"Doesn't that make her bisexual?" she said.
"Oh Christ," Patrick said. "Everyone turns when they've had enough to drink."
I don't know if he and Madeleine had slept together by that time, but if they hadn't they soon would.
It was after another of those evenings in the bar that Patrick disappeared. Madeleine was there too; she commented that he seemed out of sorts. He shrugged off her concern. But he left early. I did nothing to dissuade him: we'd had an argument earlier that evening. After the bar closed, we went our separate ways, myself to bed.
The following morning I had lectures, so it wasn't until the afternoon that I heard the news. I bumped into Madeleine on Union Street. "Have you seen Patrick today?" she said. "He wasn't in lectures today. He's not in his room."
"Maybe he's gone away for a while."
"You'd think he'd tell me, wouldn't you? Inconsiderate bastard."
He wasn't in the bar that night. Madeleine and I got fed up of waiting, so we went into town and watched a film at the Odeon. Afterwards, we went to a club. It wasn't a gay venue: I guess everyone there assumed we were a couple. We weren't there to pick anyone up, just dance and drink and forget ourselves for a while.
We got back to Madeleine's room after two o'clock, where I fell asleep in the chair, waking up to find the light off and Madeleine asleep in the bed. I lay on the floor and tried to sleep. She woke up shortly afterwards and said: "Och, I feel really guilty now -- come up and share my bed." So we lay side by side, and as she drifted back to sleep, she rested her arm across me. There was nothing sexual to it: she was a warm body next to mine, a comfort. Despite the evening, we were beginning to worry about Patrick.
The following evening, Madeleine called the police.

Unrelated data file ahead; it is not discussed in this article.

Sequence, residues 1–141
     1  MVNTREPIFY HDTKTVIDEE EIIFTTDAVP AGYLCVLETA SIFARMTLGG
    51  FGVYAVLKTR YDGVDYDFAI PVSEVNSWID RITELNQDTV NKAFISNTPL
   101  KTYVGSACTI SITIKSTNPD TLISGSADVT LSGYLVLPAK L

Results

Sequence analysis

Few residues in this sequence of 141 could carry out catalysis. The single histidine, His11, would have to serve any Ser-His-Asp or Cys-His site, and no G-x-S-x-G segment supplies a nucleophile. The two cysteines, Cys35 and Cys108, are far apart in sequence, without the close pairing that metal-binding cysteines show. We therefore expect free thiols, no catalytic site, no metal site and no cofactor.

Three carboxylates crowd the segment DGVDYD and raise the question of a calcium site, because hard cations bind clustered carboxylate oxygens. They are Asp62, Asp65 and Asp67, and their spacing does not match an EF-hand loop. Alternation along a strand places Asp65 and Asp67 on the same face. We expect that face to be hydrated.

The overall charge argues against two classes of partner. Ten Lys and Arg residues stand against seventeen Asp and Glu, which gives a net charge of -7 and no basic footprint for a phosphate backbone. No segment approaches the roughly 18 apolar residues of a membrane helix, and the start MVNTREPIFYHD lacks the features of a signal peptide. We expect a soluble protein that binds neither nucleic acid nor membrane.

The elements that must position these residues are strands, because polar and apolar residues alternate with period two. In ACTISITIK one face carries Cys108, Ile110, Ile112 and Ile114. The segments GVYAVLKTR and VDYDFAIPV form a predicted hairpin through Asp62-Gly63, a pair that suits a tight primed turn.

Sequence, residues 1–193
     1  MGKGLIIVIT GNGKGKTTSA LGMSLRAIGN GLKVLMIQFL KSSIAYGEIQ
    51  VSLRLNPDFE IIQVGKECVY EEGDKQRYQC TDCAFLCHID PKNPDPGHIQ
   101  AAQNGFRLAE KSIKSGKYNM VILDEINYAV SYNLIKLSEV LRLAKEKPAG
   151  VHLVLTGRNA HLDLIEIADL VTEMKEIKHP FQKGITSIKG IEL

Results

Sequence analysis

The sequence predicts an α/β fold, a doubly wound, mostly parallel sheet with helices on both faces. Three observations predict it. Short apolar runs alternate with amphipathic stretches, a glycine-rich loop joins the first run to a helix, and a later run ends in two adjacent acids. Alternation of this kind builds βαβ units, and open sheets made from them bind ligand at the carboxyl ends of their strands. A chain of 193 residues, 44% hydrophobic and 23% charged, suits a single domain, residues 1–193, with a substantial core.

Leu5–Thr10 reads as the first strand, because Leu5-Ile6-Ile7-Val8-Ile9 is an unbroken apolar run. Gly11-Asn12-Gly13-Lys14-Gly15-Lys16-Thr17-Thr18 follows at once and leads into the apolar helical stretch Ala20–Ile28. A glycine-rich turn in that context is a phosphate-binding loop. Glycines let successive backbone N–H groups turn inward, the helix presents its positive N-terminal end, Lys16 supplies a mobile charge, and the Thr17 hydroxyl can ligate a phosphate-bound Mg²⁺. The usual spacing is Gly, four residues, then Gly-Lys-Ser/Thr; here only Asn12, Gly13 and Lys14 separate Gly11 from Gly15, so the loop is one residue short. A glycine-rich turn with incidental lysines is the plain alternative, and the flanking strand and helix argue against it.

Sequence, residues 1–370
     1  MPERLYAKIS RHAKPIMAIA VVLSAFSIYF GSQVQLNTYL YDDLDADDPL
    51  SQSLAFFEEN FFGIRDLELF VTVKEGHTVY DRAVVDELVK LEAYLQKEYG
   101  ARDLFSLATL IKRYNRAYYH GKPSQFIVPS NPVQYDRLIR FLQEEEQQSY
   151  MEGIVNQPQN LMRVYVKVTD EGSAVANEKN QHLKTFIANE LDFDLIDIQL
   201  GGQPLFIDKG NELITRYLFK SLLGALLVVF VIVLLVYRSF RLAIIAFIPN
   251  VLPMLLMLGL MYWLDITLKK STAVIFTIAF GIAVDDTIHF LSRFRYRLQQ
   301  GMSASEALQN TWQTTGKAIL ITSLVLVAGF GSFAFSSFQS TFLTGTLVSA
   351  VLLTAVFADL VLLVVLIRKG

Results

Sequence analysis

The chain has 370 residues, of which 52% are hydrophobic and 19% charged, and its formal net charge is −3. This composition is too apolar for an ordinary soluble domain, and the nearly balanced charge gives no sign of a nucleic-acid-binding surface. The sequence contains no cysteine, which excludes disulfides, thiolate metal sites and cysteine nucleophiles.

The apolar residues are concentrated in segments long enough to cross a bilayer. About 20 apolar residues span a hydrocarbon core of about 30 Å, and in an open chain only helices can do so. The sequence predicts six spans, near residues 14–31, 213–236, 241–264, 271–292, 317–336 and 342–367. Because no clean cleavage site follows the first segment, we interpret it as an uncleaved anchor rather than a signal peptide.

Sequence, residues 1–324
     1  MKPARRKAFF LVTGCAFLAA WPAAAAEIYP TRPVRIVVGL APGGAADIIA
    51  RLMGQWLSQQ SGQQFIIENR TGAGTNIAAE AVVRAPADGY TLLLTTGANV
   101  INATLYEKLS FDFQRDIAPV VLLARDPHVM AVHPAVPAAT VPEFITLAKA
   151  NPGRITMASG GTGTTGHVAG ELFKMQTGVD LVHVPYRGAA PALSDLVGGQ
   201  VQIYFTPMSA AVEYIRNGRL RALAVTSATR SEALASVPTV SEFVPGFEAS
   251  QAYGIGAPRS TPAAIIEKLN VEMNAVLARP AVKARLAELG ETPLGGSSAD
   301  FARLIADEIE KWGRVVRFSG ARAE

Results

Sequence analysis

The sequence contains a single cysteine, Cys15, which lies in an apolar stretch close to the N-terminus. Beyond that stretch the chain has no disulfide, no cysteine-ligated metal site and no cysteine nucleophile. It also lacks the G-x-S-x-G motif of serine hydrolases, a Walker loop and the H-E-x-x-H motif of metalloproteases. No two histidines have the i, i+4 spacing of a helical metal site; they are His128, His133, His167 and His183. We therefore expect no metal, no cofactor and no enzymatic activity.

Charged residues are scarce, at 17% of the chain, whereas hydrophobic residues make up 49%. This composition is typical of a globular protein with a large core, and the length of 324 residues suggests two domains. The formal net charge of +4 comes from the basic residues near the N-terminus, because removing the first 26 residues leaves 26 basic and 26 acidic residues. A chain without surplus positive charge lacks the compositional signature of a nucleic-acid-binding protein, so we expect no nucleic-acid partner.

We never saw Patrick again.
Madeleine and I wait for a taxi at the ferryport. It's only a mile and a half to Patrick's parents' house in the centre of Lerwick, so we could walk if I didn't think we'd get lost in an unfamiliar town. But tiredness has won out: neither of us slept well on the ferry. In the middle of the night I stood on deck and watched the sea, moonlit, black and limitless.
The taxi takes us into the centre. Reminders of the islands' Norse heritage pass us in the street names: St Olaf, St Erik, King Harald. And oases of modernity I didn't expect in somewhere so remote: a shopping centre, Italian and Indian restaurants, a Chinese takeaway.
And now we're here, standing outside the door. I'm almost afraid to ring the bell. An address is an abstract thing, but is now solidified in stone and wood and glass. Madeleine knocks on the door.
To Patrick's parents, Madeleine is his girlfriend. That's certainly true, but it gives me pause. I am a "friend". A white lie, to protect his parents from the knowledge of their vanished son's sexual orientation. But it seems a betrayal of the man I once loved -- and still do.
Patrick's parents. Alasdair and Frieda, as they insist we call them. When I last saw them, called to Aberdeen at the first news of Patrick's disappearance, they seemed diminished, out of place. Here, in the brightness of day, in their homeland, a strong wind blowing and rain hurtling in from the sea, they seem larger, more intimidating. At first I wondered how this man and this woman produced Patrick, their only child -- as if he were visited upon them rather than conceived. Now it all makes much more sense.
"Did you have a good journey?" Frieda asks, taking our coats. Madeleine is to have the spare room; I will be sleeping on the sofa in the front. As Madeleine unpacks, I go into the bathroom.